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Black Mountain is a gem of natural, cultural, recreational, scientific, educational and aesthetic value.
The Friends of Black Mountain may be contacted at PO Box 1777, Canberra City ACT 2601 or firstname.lastname@example.org
Vision for Black Mountain
Our vision is that Black Mountain be recognised as an icon of biodiversity in Canberra, the 'Bush Capital' of Australia
Vision for Friends of Black Mountain
Friends of Black Mountain alms to be the primary community voice for conserving
and promoting the biodiversity of Black Mountain.
The Friends of Black Mountain is a non-profit voluntary organisation dedicated to
conserving and promoting the biodiversity of Black Mountain. Its aims are to:
Encourage interest in and develop knowledge and understanding of the natural,
cultural. recreational, scientific, educational and aesthetic values of Black Mountain.
Build a record of the reserve's biodiversity and values.
Promote its uniqueness within and beyond the ACT region.
Membership is open all people interested in the conservation and promotion of the
biodiversity of Black Mountain.
The Friends of Black Mountain Coordination Group organises a range of formal and
informal activities for:
Protecting the integrity of Black Mountain and its connectivity to adjoining nature
Preserving the Belconnen Way, Caswell Drive and Frith Street approaches to Black
Mountain as the main access for recreational, educational, research and
conservation activities on the Mountain and as a wildlife corridor
Preserving the aesthetic values of Black Mountain.
Protecting the nature reserve for future generations of Canberrans and the nation.
Preserving the significance and unique features of the diverse range of soil biota,
geology, native flora and fauna so close to the centre of the National Capital.
Preserving the ecotourism value of Black Mountain for Canberra.
Preserving the living heritage value of Black Mountain.
Providing interpretation and education about Black Mountain.
Preserving the recreational and community values of Black Mountain.
Black Mountain is an icon, also described as the 'Jewel In the Crown' of the Canberra
urban reserve system, Canberra Nature Park It is the largest and most prominent.
and reserve in Canberra Nature Park and has unique biodiversity. The mountain is a
gem of natural, cultural, recreational, scientific, educational and aesthetic value.
Black Mountain is an outstanding dry sclerophyll forest on the Southern Tablelands.
Low altitude temperate open forest and temperate grassland are well recognised as
under threat across southeast Australia broadly, and Canberra's Black Mountain is a
very significant reserve of these types of vegetation;
The reserve is very rich floristically, with over 500 species of plants recorded — In one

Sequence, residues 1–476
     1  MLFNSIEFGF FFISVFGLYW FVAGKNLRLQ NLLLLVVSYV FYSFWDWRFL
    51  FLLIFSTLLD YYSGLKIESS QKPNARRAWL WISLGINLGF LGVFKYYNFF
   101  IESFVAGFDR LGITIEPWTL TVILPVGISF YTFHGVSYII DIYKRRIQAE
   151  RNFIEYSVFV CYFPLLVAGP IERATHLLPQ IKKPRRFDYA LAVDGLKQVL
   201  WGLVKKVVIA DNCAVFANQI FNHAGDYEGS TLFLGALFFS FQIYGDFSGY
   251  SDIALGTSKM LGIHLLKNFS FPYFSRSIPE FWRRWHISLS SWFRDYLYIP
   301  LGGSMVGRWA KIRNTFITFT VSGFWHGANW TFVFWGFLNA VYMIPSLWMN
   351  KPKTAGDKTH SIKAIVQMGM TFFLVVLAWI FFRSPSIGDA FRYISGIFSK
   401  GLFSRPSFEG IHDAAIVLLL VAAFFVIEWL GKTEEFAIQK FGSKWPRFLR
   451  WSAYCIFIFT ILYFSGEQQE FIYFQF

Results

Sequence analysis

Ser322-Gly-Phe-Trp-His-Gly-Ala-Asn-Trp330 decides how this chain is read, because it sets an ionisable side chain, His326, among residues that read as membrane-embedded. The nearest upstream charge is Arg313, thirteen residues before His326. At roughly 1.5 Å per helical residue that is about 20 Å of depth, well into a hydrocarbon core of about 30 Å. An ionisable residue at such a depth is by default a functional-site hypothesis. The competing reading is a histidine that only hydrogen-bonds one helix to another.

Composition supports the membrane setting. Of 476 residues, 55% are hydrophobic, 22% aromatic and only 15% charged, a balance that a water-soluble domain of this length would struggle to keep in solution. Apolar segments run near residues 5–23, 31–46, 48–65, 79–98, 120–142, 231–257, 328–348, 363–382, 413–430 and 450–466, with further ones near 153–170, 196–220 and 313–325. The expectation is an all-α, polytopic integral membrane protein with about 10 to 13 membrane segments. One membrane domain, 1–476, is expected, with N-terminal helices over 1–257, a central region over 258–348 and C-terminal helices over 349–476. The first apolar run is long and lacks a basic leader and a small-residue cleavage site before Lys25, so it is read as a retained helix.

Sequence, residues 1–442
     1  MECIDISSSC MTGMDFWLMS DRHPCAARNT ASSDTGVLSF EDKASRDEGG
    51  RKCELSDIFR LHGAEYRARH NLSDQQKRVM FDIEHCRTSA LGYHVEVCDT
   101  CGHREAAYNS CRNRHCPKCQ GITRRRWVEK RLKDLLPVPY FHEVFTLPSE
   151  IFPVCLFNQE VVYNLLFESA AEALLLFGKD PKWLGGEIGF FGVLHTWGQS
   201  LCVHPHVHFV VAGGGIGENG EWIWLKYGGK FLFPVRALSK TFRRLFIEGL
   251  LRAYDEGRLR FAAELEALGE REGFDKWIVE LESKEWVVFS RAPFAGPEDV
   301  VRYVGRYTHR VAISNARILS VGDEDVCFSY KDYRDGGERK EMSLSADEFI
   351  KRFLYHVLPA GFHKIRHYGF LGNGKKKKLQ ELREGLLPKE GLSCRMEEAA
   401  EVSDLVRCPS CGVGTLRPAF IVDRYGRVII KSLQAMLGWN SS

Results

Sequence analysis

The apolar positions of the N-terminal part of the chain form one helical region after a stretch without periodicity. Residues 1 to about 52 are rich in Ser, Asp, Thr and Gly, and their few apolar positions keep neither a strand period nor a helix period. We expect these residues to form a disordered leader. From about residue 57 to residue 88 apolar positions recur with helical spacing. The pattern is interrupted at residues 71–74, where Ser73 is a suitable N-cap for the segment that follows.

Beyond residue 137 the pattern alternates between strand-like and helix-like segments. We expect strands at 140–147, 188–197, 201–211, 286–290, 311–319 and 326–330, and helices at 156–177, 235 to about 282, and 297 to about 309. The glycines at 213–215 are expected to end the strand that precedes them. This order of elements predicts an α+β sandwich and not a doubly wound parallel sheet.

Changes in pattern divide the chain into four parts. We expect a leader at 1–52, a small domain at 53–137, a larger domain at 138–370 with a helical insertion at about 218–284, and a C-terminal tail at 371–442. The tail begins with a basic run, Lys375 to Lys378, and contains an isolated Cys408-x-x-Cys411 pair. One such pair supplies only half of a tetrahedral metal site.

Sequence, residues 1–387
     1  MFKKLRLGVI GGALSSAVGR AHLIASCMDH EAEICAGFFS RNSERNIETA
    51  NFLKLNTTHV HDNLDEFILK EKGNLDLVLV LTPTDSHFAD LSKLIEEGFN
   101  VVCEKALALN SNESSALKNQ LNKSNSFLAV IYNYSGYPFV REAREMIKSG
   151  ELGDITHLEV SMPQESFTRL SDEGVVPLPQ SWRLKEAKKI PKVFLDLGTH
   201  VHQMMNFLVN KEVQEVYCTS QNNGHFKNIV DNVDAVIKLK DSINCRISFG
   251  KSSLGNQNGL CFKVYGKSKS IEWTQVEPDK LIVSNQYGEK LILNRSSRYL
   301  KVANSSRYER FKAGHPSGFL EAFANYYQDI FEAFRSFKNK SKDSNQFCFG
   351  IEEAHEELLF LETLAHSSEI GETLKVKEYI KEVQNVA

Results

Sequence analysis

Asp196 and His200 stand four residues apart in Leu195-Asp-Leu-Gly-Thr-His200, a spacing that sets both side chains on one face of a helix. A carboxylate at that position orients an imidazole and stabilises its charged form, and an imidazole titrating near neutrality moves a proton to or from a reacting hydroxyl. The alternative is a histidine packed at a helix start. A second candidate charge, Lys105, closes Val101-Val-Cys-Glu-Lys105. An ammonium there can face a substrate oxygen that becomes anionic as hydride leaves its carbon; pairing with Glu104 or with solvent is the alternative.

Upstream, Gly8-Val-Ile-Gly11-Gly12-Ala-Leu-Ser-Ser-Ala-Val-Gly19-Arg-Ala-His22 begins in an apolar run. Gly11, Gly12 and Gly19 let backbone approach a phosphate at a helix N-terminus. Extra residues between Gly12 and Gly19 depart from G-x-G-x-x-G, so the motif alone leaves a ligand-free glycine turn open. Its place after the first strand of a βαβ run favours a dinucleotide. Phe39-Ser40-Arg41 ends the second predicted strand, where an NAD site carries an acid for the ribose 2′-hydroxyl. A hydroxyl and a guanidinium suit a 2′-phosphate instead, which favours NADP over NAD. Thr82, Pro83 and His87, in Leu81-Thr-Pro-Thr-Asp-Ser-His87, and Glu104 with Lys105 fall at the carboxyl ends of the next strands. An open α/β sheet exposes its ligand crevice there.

place — in the heart of the Bush Capital;
Trees include scribbly gums, brittle gums and stringybarks, as well as yellow box, red
gum, apple box, Blakeley's gum, cherry ballarts and a small populations of black
cypress pines. Then there is a diverse array of wattles, heaths, daisies and
everlastings, native peas, grasses, sedges, and bluebells - plus a myriad of other
plant diversity such as fringed lilies, sundews, geebungs, guinea flowers, indigo,
sarsparilla, and lilies.
Two significant endangered ecological communities are also represented in the
Reserve: natural temperate grassland and yellow box/red gum grassy woodland;
The Reserve is renowned for its orchids; so far, more than 60 species of orchids have
been recorded as being on Black Mountain in the Field Guide to the Orchids of the
Australian Capital Territory The management plan for Canberra Nature Park also
notes the Importance of the orchids recorded on Black Mountain at the time it was
published as representing two thirds of the total orchid diversity recorded for the
More than 90 species of birds have been recorded on Black Mountain over the years.
Many of these species depend on the relatively undisturbed breeding habitats in the
northern and western parts of the Reserve.
The Caswell Drive area is also a wildlife corridor that is important for the Black
Mountain kangaroo population.
Ecologically, the mountain's key feature is the survival of the native plant understorey
and groundcover and the animal communities that depend on them;
Records of mammals on the mountain include kangaroos and swamp wallabies, the
wallaroo, brush-tailed and ring-tailed possums, echidnas, dunnarts, Stuart's
marsupial mouse and the yellow-footed marsupial mouse, sugar gliders, and nine
species of bat;
Reptiles include three snake species, mne species of skink, and seven lizard species,
including dragone There are also nine frog species, two rare cricket species, and two
Black Mountain has unique geology and soil biota in the ACT.
The reserve is an immensely valuable scientific and educational resource
botanically, and the conservation of this remnant area is dependent on minimal
fragmentation and absence of ecological barriers to other elements of Canberra
This nature reserve holds a special place In Australian biology, because of its place
in scientific nomenclature. Due to its location next to CSIRO Herbarium and
Entomology, many of Australia's plant and insect species have been described on
Black Mountain is used for a variety of educational purposes, including spring and
summer wildflower walks conducted by local volunteers.
Recreational and community values
Black Mountain is used by people from all over Canberra as a place to relax, look at
wildflower displays, watch birds, or simply recharge by recreation that has minimal
damage on the natural environment, consistent with appreciation, conservation and
preservation of the natural environment on Black Mountain.